Extremist Ideas – and Some American History

At its peak, how many people in America were members of the Klu Klux Klan (KKK)? Was it:

a) Less than 10,000

b) 10,000 – 50,000

c) 50,000 – 100,000

d) 100,000 – 1,000,000

e) more than 1,000,000

And the answer? E. The Klan claimed 4 – 5 million members in the mid-1920s (dropping down to 30,000 in 1930).

[For the history, check out a great Wikipedia entry on the KKK covering the waves, and how on earth they got this high].

If one looks at the various American initiatives against extremism, particularly against Muslim extremists in today’s age, we find that America itself is not immune to fits of extremism. And in all likelihood, this occasional swing to the extremes is probably in the genetic make-up of the country, and so we can expect similar moves in the future.

After all, there have been other periods of extreme behavior on the part of Americans and their leaders:

Racial Segregation – the ‘separate but equal’ laws, ended in the civil rights movement in the 1950s and 1960s (Wikipedia)

Prohibition – a ban on the manufacture, sale and distribution of the vital social lubricant, alcohol, from 1920 – 1933 (Wikipedia)

McCarthyism – aggressive hunting of supposed Red terrorists and threats in the late 1940s and 1950s (Wikipedia)

I do find it interesting though that the democratic process in America has a natural release valve for extremist views and actions. There is a rhythm to the electoral cycle, and a pervasive confidence that the cycle will be honest and adhered to, that allows for ‘experiments’ to take place for a period of time, and then reverse again afterwards.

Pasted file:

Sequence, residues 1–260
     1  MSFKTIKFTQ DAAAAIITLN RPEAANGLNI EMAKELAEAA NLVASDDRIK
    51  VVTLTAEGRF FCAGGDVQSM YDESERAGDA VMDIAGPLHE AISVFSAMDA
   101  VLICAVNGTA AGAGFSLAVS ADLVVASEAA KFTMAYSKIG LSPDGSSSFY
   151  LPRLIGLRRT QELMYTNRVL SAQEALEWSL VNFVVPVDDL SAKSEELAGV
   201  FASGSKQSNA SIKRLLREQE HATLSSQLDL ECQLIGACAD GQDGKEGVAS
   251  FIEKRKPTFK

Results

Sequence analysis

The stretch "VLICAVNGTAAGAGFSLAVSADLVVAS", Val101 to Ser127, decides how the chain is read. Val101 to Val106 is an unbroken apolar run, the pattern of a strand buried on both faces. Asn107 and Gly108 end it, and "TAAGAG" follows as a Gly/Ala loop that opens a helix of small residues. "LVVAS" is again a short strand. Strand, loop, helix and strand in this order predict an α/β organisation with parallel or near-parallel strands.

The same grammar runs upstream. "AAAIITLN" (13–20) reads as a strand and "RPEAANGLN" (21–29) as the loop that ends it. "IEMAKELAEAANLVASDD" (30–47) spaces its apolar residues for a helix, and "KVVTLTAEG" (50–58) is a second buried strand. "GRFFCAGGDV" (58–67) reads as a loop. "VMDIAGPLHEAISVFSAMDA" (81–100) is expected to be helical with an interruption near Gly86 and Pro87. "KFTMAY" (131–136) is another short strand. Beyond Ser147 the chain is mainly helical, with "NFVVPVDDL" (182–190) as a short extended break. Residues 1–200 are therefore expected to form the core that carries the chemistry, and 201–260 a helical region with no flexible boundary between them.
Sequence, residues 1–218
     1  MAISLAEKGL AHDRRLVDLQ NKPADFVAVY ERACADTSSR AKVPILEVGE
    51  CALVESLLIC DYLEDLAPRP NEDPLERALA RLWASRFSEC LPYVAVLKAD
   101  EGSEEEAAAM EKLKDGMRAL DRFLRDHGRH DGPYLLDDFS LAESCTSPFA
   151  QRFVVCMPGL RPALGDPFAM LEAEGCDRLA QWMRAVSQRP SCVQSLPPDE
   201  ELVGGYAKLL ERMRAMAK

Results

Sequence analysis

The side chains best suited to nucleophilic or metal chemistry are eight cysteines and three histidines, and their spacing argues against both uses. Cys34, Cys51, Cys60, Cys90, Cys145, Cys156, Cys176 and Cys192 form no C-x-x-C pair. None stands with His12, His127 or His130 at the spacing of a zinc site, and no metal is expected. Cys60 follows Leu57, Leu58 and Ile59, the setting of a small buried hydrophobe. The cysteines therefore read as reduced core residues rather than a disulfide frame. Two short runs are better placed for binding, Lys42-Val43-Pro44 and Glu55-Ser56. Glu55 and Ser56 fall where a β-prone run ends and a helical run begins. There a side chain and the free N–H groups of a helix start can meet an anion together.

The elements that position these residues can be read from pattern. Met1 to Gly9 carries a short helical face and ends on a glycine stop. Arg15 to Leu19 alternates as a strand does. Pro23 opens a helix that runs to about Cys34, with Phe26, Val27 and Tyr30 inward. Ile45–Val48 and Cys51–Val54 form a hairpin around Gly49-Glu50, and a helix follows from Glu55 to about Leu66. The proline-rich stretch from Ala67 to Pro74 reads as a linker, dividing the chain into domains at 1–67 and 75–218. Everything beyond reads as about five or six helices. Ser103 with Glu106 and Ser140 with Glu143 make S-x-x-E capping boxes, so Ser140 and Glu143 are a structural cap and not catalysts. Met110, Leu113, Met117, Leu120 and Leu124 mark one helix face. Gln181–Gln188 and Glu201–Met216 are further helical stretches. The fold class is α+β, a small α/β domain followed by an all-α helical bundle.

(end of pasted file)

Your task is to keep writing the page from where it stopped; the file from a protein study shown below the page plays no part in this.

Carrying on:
It is actually a great testament to the strength of the governance structures, the checks and balances, and the notion of democracy in its broad and its practical sense, that allows a country like America to continue to improve the quality of life for its citizens over time.

Extremism is a cyclical phenomenon, in my view. It represents the extreme swing of a cycle, from which point the swing will return back towards its more sane and stable midpoint. Perhaps it is a venting process, a release of the tension that builds up over time in a stable system. Perhaps it is the notion of deviance, that within any regular system there will be people or things that break the pattern. And sometimes these deviants attract enough followers to scale up actions.

Hopefully the extremist religious activities we are seeing now are the tail end of the cyclical swing. Reports abound of weakened terrorist capabilities – and you can imagine that the terrorists themselves are pretty fed up at not having achieved any of their goals, the path to heaven just as far away as when they started (and possibly a lot further, if they have blood on their hands).

Here’s hoping anyway.

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